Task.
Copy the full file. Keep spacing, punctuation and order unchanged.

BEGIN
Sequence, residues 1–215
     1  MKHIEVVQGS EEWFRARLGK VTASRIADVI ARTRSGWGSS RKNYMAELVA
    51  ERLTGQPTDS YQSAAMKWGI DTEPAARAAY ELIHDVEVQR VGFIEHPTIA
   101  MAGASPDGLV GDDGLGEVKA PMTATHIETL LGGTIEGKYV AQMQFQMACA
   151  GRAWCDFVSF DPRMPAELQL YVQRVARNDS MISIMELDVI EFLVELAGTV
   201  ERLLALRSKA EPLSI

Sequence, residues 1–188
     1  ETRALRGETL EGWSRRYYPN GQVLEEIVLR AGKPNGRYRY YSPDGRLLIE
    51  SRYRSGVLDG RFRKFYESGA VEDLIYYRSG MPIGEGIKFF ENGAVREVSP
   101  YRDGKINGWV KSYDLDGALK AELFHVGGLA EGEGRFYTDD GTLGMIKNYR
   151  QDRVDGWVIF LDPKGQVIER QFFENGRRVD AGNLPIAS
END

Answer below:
Sequence, residues 1–215
     1  MKHIEVVQGS EEWFRARLGK VTASRIADVI ARTRSGWGSS RKNYMAELVA
    51  ERLTGQPTDS YQSAAMKWGI DTEPAARAAY ELIHDVEVQR VGFIEHPTIA
   101  MAGASPDGLV GDDGLGEVKA PMTATHIETL LGGTIEGKYV AQMQFQMACA
   151  GRAWCDFVSF DPRMPAELQL YVQRVARNDS MISIMELDVI EFLVELAGTV
   201  ERLLALRSKA EPLSI

Sequence, residues 1–188
     1  ETRALRGETL EGWSRRYYPN GQVLEEIVLR AGKPNGRYRY YSPDGRLLIE
    51  SRYRSGVLDG RFRKFYESGA VEDLIYYRSG MPIGEGIKFF ENGAVREVSP
   101  YRDGKINGWV KSYDLDGALK AELFHVGGLA EGEGRFYTDD GTLGMIKNYR
   151  QDRVDGWVIF LDPKGQVIER QFFENGRRVD AGNLPIAS